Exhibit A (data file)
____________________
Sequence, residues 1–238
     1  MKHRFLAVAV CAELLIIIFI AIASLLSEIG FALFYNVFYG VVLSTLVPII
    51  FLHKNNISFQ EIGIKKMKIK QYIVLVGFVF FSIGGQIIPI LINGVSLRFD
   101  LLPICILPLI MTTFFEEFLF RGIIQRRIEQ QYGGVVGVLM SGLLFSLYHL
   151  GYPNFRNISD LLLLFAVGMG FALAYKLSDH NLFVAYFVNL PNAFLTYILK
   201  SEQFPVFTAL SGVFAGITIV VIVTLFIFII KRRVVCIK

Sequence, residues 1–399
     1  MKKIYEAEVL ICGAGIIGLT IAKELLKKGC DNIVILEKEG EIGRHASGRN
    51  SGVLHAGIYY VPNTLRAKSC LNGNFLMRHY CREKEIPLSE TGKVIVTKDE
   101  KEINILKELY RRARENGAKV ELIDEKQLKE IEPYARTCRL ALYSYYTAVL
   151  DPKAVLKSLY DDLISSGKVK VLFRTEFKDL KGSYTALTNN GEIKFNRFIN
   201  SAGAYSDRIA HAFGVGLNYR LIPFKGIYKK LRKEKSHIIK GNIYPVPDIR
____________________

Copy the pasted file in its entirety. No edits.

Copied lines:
Sequence, residues 1–238
     1  MKHRFLAVAV CAELLIIIFI AIASLLSEIG FALFYNVFYG VVLSTLVPII
    51  FLHKNNISFQ EIGIKKMKIK QYIVLVGFVF FSIGGQIIPI LINGVSLRFD
   101  LLPICILPLI MTTFFEEFLF RGIIQRRIEQ QYGGVVGVLM SGLLFSLYHL
   151  GYPNFRNISD LLLLFAVGMG FALAYKLSDH NLFVAYFVNL PNAFLTYILK
   201  SEQFPVFTAL SGVFAGITIV VIVTLFIFII KRRVVCIK

Sequence, residues 1–399
     1  MKKIYEAEVL ICGAGIIGLT IAKELLKKGC DNIVILEKEG EIGRHASGRN
    51  SGVLHAGIYY VPNTLRAKSC LNGNFLMRHY CREKEIPLSE TGKVIVTKDE
   101  KEINILKELY RRARENGAKV ELIDEKQLKE IEPYARTCRL ALYSYYTAVL
   151  DPKAVLKSLY DDLISSGKVK VLFRTEFKDL KGSYTALTNN GEIKFNRFIN
   201  SAGAYSDRIA HAFGVGLNYR LIPFKGIYKK LRKEKSHIIK GNIYPVPDIR